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    In our previous FAKEAV white paper, we presented how Trend Micro researchers tracked down the evolution of FAKEAV and followed its development behaviorwise from one generation to the next. One of the earlier generations (fourth, to be exact) in the paper comprises DLL-based FAKEAV—fake antivirus that use a .DLL file to perform all of their malicious routines to primarily avoid easy termination. A few months ago, however, we saw this particular generation again making its rounds in the wild in the form of TROJ_FAKEAV.BTV.

    Click for larger view

    In terms of appearance, fourth-generation FAKEAV variants are not particularly different from earlier generations. However, in the background, fourth-generation FAKEAV varaints are characterized by the considerably big file size of their DLL components (TROJ_FAKEAV.BTV samples are around 1.50MB in size). This is because the fake pop-up warnings, GUIs, and other scareware modules are all found in the DLL.

    FAKEAV as a Whole

    Understanding how FAKEAV progressed over the years, it isn’t particularly surprising to see fourth-generation FAKEAV variants back in the wild. For the most part, these have been visually updated though these have not technically evolved. The bad guys knew that all it takes to maintain their steady supply of victims is to update the rogue antivirus software’s name and to redesign their GUIs—the reason why we see so many FAKEAV GUIs today.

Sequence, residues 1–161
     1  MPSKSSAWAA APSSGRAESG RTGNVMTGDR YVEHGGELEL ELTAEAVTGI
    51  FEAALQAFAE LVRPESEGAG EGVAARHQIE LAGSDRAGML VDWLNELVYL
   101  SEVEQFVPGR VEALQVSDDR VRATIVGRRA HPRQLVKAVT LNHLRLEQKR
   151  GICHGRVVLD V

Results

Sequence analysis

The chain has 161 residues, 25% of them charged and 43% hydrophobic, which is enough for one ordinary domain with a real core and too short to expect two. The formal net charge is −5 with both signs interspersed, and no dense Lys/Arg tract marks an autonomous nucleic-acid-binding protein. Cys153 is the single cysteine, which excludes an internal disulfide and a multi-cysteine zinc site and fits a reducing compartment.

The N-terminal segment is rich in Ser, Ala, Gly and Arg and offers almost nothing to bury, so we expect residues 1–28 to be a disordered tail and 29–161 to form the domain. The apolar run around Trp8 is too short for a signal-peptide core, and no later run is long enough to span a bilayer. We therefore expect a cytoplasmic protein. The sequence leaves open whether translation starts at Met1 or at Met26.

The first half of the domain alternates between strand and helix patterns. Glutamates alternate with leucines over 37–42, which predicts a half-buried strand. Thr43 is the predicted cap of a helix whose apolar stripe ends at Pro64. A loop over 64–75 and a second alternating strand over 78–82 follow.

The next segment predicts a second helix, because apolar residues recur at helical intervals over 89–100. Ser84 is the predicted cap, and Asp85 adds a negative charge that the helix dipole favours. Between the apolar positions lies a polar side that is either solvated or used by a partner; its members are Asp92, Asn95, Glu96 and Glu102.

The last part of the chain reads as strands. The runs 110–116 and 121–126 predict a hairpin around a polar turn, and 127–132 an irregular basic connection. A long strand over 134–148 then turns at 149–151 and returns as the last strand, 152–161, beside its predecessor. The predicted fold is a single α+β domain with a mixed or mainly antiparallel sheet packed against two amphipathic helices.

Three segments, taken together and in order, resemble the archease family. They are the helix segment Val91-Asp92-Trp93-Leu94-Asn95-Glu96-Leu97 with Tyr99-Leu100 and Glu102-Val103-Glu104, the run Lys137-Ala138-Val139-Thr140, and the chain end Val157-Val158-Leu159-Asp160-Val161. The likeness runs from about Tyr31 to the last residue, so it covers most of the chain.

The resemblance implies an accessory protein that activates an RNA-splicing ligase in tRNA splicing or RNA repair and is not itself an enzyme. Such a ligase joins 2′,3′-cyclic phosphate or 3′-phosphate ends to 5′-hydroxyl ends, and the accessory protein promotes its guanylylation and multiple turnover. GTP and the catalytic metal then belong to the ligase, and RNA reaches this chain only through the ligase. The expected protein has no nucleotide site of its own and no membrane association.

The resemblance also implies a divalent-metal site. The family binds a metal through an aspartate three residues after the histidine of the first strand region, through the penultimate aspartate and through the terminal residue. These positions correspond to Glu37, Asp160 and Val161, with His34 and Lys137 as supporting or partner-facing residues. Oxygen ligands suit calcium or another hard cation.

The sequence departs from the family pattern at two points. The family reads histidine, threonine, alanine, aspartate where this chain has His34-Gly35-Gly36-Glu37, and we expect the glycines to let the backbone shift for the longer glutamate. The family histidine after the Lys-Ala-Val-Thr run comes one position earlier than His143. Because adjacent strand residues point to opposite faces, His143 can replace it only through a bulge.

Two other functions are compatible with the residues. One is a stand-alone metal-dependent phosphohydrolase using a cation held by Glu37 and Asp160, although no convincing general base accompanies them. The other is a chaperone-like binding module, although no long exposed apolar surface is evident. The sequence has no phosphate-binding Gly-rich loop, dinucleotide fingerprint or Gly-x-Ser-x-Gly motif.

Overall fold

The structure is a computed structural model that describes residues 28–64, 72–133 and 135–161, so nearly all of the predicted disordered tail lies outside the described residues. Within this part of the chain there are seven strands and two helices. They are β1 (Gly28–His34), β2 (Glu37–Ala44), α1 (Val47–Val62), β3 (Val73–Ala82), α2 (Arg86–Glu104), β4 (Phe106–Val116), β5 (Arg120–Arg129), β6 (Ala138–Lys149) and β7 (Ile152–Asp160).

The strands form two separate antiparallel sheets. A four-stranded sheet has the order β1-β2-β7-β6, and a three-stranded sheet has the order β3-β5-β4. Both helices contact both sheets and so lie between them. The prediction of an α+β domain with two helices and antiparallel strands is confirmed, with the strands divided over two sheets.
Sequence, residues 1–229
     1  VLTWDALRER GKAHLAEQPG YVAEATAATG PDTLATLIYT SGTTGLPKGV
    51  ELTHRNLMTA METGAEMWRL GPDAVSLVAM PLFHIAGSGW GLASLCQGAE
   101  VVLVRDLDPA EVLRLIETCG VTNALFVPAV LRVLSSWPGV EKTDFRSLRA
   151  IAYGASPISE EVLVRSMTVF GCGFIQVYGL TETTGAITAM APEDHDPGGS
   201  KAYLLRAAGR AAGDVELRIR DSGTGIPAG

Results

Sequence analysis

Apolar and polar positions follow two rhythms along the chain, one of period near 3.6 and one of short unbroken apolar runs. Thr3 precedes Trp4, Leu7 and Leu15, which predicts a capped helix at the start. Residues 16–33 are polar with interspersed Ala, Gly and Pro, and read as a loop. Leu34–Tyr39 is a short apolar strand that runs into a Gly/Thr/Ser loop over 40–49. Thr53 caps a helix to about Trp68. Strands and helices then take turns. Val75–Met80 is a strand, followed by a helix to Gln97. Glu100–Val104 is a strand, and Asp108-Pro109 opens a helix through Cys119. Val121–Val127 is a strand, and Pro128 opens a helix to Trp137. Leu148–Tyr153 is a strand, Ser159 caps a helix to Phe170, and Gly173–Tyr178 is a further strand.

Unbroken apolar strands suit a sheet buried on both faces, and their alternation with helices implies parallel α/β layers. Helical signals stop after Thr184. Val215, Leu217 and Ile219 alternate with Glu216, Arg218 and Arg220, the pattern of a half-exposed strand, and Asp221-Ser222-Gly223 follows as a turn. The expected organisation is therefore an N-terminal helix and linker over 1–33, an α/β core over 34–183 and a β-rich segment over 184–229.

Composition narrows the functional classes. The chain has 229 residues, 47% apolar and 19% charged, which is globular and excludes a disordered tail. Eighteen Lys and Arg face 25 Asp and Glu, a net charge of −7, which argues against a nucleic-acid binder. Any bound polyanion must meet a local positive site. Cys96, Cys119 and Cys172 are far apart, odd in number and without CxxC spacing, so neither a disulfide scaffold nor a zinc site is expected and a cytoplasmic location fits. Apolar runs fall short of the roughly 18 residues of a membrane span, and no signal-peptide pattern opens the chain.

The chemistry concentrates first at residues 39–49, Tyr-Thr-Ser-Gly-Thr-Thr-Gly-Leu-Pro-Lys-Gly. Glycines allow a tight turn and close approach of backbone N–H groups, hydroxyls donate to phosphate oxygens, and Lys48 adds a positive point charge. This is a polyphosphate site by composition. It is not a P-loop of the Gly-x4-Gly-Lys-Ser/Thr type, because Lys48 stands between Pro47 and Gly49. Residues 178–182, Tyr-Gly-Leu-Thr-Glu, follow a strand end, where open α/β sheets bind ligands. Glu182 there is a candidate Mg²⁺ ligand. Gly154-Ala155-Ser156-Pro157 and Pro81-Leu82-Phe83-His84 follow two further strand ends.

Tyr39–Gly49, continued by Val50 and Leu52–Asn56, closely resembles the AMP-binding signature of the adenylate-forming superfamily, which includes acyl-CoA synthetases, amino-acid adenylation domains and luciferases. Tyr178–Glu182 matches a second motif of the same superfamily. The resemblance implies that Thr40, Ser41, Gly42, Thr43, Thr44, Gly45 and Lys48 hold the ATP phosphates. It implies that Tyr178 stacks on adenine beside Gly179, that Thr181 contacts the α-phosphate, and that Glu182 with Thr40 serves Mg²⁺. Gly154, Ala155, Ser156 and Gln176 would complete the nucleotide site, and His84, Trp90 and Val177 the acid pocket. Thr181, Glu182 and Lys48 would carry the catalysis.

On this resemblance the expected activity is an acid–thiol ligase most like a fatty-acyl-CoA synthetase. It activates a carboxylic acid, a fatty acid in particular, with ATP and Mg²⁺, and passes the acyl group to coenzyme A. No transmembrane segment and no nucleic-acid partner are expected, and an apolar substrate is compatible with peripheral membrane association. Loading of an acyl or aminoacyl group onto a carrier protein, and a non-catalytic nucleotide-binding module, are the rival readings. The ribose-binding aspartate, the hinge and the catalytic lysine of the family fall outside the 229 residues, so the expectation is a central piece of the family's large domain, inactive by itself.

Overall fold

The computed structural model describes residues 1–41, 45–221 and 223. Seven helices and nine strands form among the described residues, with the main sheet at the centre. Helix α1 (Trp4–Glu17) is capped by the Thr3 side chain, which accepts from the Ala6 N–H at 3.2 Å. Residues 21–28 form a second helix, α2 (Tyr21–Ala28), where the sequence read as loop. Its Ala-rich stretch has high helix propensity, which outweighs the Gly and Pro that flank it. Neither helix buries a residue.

In line with these software name updates, FAKEAV also update their registry, file, and folder names in order to evade string-based antivirus solution detection. Nevertheless, regardless of how these are updated, their strings will continue to be a weak point. From this, antivirus researchers can craft generic rules or patterns for memory, process, file, and registry scanning/cleaning.

    We will continue to devote time and effort to closely monitor prominent threats like FAKEAV as well as to provide adequate solutions to users. We advise users to stay informed of the developments concerning threats such as FAKEAV as well as to familiarize themselves with the nature of related attacks. Users may refer to the guide we published last year, FAKEAV 101: How To Tell If Your Antivirus Is Fake.

    Also, more information on fourth-generation FAKEAV variants as well as on other generations is available in our report, The Dangers Rogue Antivirus Threats Pose.





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